Czech name: Petřín

Soaring 327 meters above the left bank of the Vltava River at the heart of Prague’s Lesser Town, Petřín Hill is home to several notable sights. Its name comes from the Latin word petra, meaning rock. In days of old, workers mined the hill for stones to make buildings and walls.

Location & How to Get There

Tram is the best way to get to Petřín Hill. Take the 9, 12, 15, or 22 lines to the ÚJEZD stop. You can also hop on the Petřín Hill funicular that leaves from Malá Strana. 

Opening Hours & Entry

As a natural topographical landmark, technically, Petřín Hill is always open. However, the various Prague sightseeing destinations peppered around the knoll maintain their own operating hours. 

What to Do & What to See

Petřín Hill is home to several parks and Prague sightseeing locations.

Petřín Lookout Tower: A small version of France’s Eiffel Tower, the lookout on Petřín Hill is a skyward-reaching steel parabola standing 63.5 meters tall. Built in 1891 for the General Land Centennial Exhibition, the tower served as both a radio and television antenna in its prime. Today, in its retirement, the City of Prague Museum maintains the structure as a popular tourist destination. 

Petřín Hill Funicular: Like the lookout tower, the funicular on Petřín Hill opened to the public in 1891. The inclined railway operates daily from 9 a.m. to 11:20 p.m. on 15- and 20-minute intervals, depending on the time of day. Three stops connect Malá Strana to Petřín Hill’s summit. 

Hunger Wall: Originally raised in the 1300s, the Hunger Wall was a defense structure commissioned by Charles IV that wreaths the Lesser Town district. In 1361, a financial depression plagued the region. Construction of the wall served as a public works project that reinvigorated the economy and ultimately gave poor people a job — and thus a means to feed themselves. That’s how it got its name.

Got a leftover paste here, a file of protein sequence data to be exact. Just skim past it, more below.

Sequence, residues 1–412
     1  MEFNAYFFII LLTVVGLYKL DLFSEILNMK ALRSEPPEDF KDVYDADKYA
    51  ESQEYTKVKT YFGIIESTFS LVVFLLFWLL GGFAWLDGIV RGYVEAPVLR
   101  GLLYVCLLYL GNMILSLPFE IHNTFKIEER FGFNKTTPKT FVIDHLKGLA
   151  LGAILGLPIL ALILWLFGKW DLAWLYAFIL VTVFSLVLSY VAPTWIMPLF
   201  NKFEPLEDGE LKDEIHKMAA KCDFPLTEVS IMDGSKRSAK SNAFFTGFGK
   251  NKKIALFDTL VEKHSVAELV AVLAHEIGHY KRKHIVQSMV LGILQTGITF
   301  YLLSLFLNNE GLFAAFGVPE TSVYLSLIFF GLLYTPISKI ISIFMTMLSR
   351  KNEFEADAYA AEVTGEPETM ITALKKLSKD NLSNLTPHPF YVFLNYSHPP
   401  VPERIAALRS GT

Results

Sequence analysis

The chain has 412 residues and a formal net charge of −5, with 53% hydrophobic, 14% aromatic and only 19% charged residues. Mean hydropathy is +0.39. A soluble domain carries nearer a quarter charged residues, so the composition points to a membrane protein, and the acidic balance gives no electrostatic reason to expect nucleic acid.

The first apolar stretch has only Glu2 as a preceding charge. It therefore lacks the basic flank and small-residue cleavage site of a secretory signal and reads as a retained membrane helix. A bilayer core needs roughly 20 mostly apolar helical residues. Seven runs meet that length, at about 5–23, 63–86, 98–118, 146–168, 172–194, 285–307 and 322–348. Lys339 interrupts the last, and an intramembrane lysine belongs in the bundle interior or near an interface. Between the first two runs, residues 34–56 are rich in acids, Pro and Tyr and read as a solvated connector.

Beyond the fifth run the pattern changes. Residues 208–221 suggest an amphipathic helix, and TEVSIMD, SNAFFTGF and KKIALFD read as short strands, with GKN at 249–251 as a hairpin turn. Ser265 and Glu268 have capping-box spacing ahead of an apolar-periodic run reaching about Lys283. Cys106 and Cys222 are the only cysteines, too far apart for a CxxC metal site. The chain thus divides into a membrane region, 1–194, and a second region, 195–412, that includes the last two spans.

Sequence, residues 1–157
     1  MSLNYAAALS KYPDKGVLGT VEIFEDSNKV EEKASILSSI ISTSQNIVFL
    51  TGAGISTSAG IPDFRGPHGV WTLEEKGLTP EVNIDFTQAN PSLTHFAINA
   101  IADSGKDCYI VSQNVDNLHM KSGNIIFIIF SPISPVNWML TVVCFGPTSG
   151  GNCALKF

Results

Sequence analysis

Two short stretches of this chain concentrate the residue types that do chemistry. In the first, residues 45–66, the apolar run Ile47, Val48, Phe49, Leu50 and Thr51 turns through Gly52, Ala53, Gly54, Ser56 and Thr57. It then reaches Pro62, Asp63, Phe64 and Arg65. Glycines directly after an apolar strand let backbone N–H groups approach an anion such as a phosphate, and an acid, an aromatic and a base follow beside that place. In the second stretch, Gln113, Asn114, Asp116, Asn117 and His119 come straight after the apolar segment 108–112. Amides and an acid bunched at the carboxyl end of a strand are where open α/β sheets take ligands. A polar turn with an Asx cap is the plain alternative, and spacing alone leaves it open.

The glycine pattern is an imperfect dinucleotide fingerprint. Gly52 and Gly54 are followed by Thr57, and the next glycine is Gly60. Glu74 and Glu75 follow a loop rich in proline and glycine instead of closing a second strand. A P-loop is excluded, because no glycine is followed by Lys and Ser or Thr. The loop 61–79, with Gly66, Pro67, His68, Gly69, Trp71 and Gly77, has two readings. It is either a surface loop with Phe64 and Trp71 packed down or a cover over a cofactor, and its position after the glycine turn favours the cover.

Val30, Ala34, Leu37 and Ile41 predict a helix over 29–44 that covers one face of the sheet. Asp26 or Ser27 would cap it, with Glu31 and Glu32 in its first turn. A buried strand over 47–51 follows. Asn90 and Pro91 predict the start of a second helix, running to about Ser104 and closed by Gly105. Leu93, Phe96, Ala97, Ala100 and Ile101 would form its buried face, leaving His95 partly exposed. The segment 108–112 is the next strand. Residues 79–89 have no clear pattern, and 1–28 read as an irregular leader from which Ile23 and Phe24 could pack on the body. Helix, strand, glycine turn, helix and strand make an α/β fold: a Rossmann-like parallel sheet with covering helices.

Mirror Maze: Like many sightseeing spots on Petřín Hill, the Mirror Maze was built in 1891. On the outside, the structure is styled like a medieval castle. Inside, there’s a labyrinth of gold-trimmed mirrors in addition to a distorted mirror room. Fair warning: it’s not huge, but it’s a fun time — especially for kids.

Rose Garden: The rose garden on Petřín Hill is one of the most visited spots in the vicinity. A floral cornucopia, it has over 12,000 types of roses! The postcard-perfect Prague park is a favorite of both travelers and residents alike. 


Petřín Hill is a natural landscape feature that formed before modern history. Due to its strategic location, the mound played a central role in the city’s development and served as a popular destination during the 1891 General Land Centennial Exhibition hosted in Prague.

Called Peaceful Petřín by many locals, it’s a must-see when traveling through the Czech Republic. Be sure to put aside the better part of a day to explore. There’s so much to see!